Smoking and pain sensitivity: Is there a link?
You probably already know the health risks of smoking. Puffing away significantly increases the risk of heart disease, cancer, stroke, emphysema and chronic obstructive pulmonary disease. Though smoking rates have halved since 1991, smoking is still the leading cause of preventable diseases and death in Australia.
Smoking affects your entire body, including your musculoskeletal system. Smoking reduces your bone density, increases the risk of osteoporosis and makes your muscles more vulnerable to injury.
Smoking and pain
Smoking also makes you more sensitive to pain.
People who smoke are more likely to be living with chronic pain conditions including:
- Back pain (spine pain and lower back pain are strongly associated with smoking)
- Diabetic neuropathy.
Smoking is one of those ‘big picture’ issues that affects every aspect of your health (a bit like a poor diet or disrupted sleep).
It’s true that smoking does provide some short-term pain relief. That’s often why people find it so hard to quit.
But that relief is short-lived. With every cigarette, smoking damages your nervous system and circulatory system, eventually amplifying pain.
That can create a vicious cycle. You might smoke to relieve pain, which actually worsens it, which makes you want to smoke more.
Why does smoking amplify pain?
Smoking worsens your experience of pain because it deteriorates your body, affects the proper functioning of your organs and tissues, and slows healing.
In particular, smoking:
- Narrows your blood vessels, which reduces blood flow to your muscles, bones and organs
- Reduces the oxygen in your blood
- Increases blood pressure
- Worsens fatigue and depression
- Increases blood pressure
- Disrupts the brain networks involved in pain, which makes a lower level of pain feel more severe.
Smoking and musculoskeletal pain
Though we can’t yet say that smoking causes some types of back pain, we do know that smokers face a much higher risk of back pain than non-smokers.
That seems to be because smoking damages the vascular system. Without a strong supply of nutrient-rich oxygenated blood, the vertebrae (bony building blocks of the spine) and the discs between them degenerate more easily, contributing to back pain.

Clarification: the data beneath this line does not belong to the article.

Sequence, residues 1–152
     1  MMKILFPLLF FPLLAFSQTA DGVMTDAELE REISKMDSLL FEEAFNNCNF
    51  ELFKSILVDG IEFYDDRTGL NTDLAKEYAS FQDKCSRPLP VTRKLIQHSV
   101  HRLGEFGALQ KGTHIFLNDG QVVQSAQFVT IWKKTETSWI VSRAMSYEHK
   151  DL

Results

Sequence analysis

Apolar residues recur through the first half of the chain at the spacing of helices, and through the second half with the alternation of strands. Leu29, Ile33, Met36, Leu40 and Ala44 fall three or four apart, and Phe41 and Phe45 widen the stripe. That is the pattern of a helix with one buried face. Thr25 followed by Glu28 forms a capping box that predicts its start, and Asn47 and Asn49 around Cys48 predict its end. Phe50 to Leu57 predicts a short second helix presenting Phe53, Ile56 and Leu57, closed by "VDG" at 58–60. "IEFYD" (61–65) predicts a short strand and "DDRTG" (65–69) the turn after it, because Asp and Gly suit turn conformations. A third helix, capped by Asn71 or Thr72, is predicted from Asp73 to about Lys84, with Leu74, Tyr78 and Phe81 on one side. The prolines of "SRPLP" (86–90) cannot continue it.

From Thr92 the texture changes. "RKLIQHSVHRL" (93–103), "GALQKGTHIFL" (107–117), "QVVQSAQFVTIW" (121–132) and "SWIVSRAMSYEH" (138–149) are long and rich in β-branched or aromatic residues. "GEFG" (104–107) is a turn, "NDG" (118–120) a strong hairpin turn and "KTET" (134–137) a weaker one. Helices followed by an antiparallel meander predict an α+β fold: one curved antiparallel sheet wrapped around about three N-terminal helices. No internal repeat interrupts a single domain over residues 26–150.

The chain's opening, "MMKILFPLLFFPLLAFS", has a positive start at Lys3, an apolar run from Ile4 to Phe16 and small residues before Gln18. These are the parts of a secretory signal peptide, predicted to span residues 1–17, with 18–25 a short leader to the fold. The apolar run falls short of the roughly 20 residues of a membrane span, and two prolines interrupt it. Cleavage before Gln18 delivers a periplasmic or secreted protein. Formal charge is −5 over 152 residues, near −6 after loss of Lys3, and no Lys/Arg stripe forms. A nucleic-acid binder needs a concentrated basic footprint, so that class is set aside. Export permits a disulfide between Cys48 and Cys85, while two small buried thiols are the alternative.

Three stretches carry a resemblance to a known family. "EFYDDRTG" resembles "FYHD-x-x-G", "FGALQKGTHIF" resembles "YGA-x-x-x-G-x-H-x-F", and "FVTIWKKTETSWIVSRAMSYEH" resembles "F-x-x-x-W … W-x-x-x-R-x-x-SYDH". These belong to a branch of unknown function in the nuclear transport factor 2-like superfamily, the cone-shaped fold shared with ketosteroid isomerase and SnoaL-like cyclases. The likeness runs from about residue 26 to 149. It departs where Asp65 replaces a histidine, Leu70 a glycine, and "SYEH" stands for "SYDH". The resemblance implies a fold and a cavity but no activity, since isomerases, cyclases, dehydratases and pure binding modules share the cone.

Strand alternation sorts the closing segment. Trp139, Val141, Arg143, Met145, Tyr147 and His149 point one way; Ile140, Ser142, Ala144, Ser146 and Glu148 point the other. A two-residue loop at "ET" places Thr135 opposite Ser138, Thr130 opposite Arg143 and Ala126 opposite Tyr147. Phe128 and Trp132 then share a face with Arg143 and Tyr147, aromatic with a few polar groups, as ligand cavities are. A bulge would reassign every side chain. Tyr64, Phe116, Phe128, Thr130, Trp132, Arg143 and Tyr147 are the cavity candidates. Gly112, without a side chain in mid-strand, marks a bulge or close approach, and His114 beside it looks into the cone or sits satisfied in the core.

Simply put, smoking is bad for your joints and connective tissues. When it comes to osteoarthritis of the knee, smokers experience more severe pain and are more than twice as likely to have significant cartilage loss. That could be because toxins from smoking accelerate cartilage loss or that higher carbon monoxide levels in the bloodstream reduces the cartilage’s ability to repair itself.
Smoking and treatment outcomes
So, to recap, smoking greatly increases the risk of many conditions, including chronic pain. Unfortunately, smoking also worsens treatment outcomes, making it much harder to recover.
Smokers who have a total knee replacement are 10 times more likely to need revision surgery (do-over surgery because the first one didn’t work).
When it comes to spinal fusion, a type of back surgery, smoking reduces your bones’ ability to fuse together, defeating the purpose of the surgery. It also puts you at higher risk of infection, adjacent-segment disease, and swallowing difficulties.
It’s hard to quit an addictive habit like smoking. It’s particularly hard if you’re in pain and rely on smoking to help you cope.
That means it’s important to get help from people who understand the complex relationship between smoking and chronic pain and offer supportive, non-judgemental treatment.
Many people who live with chronic pain and smoke are also depressed. Getting the right treatment for depression may help to ease your reliance on smoking.
The good news is that quitting smoking has immediate benefits. Within just a few hours, your heart rate slows and your blood pressure stabilises. Within 24 hours, almost all the nicotine has left your bloodstream and oxygen is reaching your heart and muscles more easily. You may notice that your fingers are warmer and your hands no longer shake. By the end of your first week, you’ve got a better sense of taste and smell and higher levels of protective antioxidants in your blood.
If you’re ready to quit, then you can find some good tips here or call the Quitline on 13 QUIT (13 7848).
How can The Brisbane Spine Clinic help?
If you’re living with ongoing pain and you smoke, then you may not be the ideal candidate for surgical treatment. The Brisbane Spine Clinic provides non-invasive treatment for a range of spinal conditions, which can help to ease pain symptoms. We also work closely with others involved in your care as part of a multidisciplinary team.
If you would like to quit smoking, we can offer encouragement, advice and support, including putting you in touch with specialist services.
Please make an appointment today.
All information is general in nature. Patients should consider their own personal circumstances and seek a second opinion.